By: Henricus Jansen (1867-1921)
Created: 1903, Collection: Drents Museum, Assen, Netherlands Rights: CC-BY-SA
On the background of the illustration we see a lot of white lilies, in the art world referred to as 'Madonna lilies'. The princess is pointing to the lily in the middle of the scene. It looks like the princess is in fact a personification of the Madonna in this scene, judging from the halo around her head. The prince holds his hand to his mouth and it seems like he doesn't know what to do or what to think of this situation. Maybe he just heard a shocking message from the princess and needs some time to process it. But it almost seems unlikely, because the scene has a soothing and peaceful glow to it. We should assume the princess just told the prince wonderful news and he can't believe it's true.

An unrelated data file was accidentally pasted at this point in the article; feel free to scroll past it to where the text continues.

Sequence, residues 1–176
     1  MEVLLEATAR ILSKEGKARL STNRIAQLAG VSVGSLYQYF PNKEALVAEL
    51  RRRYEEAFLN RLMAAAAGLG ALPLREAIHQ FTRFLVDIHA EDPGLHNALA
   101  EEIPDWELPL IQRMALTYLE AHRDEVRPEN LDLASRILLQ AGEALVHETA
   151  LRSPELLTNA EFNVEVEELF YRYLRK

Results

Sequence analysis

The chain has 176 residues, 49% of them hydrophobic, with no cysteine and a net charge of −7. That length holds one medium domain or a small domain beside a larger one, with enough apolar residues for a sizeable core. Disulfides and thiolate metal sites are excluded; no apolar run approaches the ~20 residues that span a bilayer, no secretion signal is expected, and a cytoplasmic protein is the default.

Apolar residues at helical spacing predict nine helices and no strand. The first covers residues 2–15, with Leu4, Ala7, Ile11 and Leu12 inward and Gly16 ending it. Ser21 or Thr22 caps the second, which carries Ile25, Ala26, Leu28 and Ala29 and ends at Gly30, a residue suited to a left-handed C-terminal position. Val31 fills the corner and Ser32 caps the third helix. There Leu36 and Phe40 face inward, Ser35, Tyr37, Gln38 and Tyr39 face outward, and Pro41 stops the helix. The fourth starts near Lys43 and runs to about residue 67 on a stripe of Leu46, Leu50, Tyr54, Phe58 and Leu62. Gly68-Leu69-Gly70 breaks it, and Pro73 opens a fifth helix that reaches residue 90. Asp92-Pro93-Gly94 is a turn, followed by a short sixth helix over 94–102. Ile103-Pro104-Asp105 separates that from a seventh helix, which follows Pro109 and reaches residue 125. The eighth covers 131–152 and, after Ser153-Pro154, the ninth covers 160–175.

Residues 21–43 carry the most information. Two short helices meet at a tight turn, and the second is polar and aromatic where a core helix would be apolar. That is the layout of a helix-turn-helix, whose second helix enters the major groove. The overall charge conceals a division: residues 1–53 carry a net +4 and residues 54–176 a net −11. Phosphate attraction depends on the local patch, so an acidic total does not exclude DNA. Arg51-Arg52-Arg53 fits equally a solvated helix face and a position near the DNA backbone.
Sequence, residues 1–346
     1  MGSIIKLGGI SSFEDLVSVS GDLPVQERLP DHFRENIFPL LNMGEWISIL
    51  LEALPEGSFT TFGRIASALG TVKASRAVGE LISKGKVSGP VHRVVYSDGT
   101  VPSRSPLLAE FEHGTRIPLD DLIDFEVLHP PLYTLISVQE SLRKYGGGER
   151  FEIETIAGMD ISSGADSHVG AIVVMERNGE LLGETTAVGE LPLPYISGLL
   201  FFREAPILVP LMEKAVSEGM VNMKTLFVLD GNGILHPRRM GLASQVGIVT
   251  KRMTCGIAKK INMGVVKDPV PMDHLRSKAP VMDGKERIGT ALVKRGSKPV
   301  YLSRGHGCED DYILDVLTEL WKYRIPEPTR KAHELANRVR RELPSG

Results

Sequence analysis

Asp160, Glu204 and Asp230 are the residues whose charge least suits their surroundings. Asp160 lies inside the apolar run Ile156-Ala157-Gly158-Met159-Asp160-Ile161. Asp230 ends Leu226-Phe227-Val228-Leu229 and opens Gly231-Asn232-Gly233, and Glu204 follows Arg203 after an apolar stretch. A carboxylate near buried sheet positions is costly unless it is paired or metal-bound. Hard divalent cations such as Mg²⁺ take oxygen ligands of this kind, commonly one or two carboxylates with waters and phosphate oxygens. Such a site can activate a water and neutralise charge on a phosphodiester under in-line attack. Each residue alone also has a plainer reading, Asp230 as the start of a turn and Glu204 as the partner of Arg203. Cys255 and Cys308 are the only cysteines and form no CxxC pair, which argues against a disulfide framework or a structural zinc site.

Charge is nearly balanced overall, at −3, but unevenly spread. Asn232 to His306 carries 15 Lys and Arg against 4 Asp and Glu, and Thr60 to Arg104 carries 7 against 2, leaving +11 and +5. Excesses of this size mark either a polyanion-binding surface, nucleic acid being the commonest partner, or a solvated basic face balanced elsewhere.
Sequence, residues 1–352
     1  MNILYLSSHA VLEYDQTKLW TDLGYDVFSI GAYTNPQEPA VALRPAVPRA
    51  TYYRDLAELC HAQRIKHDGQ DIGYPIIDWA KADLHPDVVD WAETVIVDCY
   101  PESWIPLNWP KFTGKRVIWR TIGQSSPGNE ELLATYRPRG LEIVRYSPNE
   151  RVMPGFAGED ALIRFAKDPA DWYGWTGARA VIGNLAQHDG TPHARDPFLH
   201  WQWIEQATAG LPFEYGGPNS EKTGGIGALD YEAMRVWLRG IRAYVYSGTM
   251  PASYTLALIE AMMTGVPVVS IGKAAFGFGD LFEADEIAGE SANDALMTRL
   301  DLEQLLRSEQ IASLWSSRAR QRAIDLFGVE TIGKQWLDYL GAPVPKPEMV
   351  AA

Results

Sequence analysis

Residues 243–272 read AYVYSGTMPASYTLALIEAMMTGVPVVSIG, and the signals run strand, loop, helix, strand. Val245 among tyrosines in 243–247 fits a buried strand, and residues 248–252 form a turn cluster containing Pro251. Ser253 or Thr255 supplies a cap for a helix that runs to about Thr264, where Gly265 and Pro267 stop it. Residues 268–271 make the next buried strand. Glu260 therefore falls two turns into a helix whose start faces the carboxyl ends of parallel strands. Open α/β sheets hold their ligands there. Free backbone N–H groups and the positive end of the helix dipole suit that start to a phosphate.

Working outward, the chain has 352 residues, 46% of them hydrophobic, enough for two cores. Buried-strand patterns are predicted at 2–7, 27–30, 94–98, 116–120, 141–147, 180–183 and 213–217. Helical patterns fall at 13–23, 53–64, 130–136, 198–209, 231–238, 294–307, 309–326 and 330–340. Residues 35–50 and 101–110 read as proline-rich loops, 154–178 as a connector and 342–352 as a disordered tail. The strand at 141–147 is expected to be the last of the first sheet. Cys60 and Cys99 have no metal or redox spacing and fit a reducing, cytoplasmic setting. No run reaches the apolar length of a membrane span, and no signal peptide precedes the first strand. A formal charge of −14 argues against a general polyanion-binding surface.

The undisputed highlight of the oeuvre of graphic artist, draftsman and painter Henricus Jansen has been the publication he made in 1903 of the well-known medieval story of lord Halewijn. The edition stands out by its graceful and cosy design and use of colour. The use of colour is even smoother and more subtle than that of Alphons Mucha, the grandmaster of the Art Nouveau-poster art. Henricus Jansen had seen Mucha’s work while visiting Paris in the last decade of the 19th century. That the delicate colours have been preserved so well is mainly thanks to the printer.